In the present case counsel for defendant made no effort to obtain this "new evidence" until after the trial. Accordingly, the second requirement of Chabonian was not fulfilled. Moreover, in our view there is no reasonable probability that a different result would be reached in a new trial. Hence the fifth requirement is not met. Discovery of new evidence which merely impeaches the credibility of a witness is not a basis for a new trial on that ground alone.[7]

Nor are we convinced that there was a probable miscarriage of justice here. We therefore must reject the contention that the conviction should be reversed and a new trial ordered in the interest of justice under sec. 251.09, Stats.[8]

By the Court.Judgment and orders affirmed.


[*] Motion for rehearing denied, without costs, and the state's motion to modify opinion denied, on February 29, 1972.

[1] Lemerond v. State (1969), 44 Wis. 2d 158, 162, 170 N.W.2d 700.

[2] Phoenix Ins. Co. v. Wisconsin Southern Gas Co. (1970), 45 Wis. 2d 471, 484, 485, 173 N.W.2d 610.

[3] Defense demand required, see: Brady v. Maryland (1963), 373 U.S. 83, 83 Sup. Ct. 1194, 10 L. Ed. 2d 215; State v. Cole (1971), 50 Wis. 2d 449, 455, 456, 184 N.W.2d 75; Goetsch v. State (1969), 45 Wis. 2d 285, 172 N.W.2d 688.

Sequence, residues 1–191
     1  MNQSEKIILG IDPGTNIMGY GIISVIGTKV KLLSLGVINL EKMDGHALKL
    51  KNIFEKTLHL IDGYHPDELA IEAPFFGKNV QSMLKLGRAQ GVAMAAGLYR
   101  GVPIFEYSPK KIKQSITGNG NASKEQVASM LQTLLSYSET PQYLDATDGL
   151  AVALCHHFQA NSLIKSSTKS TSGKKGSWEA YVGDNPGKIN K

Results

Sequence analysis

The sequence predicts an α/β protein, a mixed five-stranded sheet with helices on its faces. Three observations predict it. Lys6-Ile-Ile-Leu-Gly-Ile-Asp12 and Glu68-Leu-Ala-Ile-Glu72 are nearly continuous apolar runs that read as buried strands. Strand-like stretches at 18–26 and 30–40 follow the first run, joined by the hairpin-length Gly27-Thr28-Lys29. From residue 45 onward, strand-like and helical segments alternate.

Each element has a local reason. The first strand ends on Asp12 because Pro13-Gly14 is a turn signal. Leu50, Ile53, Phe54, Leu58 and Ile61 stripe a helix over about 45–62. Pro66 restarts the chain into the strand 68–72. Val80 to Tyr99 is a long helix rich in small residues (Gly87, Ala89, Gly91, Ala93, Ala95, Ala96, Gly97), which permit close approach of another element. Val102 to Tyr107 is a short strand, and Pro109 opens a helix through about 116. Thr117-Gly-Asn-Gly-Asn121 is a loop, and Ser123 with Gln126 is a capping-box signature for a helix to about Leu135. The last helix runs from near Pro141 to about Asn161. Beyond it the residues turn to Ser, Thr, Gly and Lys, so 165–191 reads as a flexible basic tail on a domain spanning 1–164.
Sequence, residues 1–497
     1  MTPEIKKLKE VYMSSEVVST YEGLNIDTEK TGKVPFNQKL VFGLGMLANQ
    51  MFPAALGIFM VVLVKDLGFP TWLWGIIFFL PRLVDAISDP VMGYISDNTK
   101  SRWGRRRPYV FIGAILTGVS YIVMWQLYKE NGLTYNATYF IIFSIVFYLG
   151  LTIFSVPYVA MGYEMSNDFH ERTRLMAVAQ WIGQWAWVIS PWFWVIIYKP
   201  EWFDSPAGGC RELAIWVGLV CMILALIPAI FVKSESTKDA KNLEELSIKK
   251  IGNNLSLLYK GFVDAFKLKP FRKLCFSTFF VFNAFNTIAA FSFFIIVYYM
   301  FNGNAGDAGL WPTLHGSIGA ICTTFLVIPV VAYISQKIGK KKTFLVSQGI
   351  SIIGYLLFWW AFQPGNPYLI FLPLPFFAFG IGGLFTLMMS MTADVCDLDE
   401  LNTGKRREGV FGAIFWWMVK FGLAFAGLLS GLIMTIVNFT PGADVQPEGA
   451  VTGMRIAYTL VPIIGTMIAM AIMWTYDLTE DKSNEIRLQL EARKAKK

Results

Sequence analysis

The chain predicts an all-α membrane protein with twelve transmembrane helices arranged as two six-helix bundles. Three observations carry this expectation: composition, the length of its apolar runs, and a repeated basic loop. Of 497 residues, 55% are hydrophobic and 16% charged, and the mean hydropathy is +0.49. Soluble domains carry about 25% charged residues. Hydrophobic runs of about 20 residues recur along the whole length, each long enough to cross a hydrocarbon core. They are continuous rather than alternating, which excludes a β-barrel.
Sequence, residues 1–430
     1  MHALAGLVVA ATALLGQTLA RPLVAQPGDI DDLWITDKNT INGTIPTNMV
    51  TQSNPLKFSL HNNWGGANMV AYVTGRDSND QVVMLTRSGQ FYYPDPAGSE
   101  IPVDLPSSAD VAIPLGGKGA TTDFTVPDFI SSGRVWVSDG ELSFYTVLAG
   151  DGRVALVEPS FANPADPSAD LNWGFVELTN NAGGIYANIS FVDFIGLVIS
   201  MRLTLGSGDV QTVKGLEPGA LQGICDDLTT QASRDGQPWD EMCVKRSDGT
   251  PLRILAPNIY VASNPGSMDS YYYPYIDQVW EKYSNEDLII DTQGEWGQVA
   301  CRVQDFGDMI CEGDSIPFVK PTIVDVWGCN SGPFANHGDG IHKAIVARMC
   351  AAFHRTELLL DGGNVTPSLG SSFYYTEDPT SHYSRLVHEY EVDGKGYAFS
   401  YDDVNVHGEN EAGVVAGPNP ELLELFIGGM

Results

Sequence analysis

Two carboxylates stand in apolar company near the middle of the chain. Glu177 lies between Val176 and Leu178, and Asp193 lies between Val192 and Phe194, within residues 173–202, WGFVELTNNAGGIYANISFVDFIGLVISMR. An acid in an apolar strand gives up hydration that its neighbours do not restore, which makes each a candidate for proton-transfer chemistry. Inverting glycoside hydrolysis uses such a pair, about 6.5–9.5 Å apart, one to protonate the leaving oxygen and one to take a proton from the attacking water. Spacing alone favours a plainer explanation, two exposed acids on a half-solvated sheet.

[4] (1968), 40 Wis. 2d 79, 88, 161 N.W.2d 209.

[5] Giles v. Maryland (1967), 386 U.S. 66, 87 Sup. Ct. 793, 17 L. Ed. 2d 737. For discussion of the effect of Giles, see: Ramer v. State, supra, footnote 4; Britton v. State (1969), 44 Wis. 2d 109, 117, 118, 170 N.W.2d 785; State v. Cole, supra, footnote 3.

[6] (1971), 50 Wis. 2d 574, 583, 185 N.W.2d 289.

[7] Greer v. State (1968), 40 Wis. 2d 72, 78, 161 N.W.2d 255.

[8] The writer of this opinion was unable to listen to the entire oral argument from the bench. This made it necessary to listen to the argument as taped. Individual justices make extensive use of the taped arguments.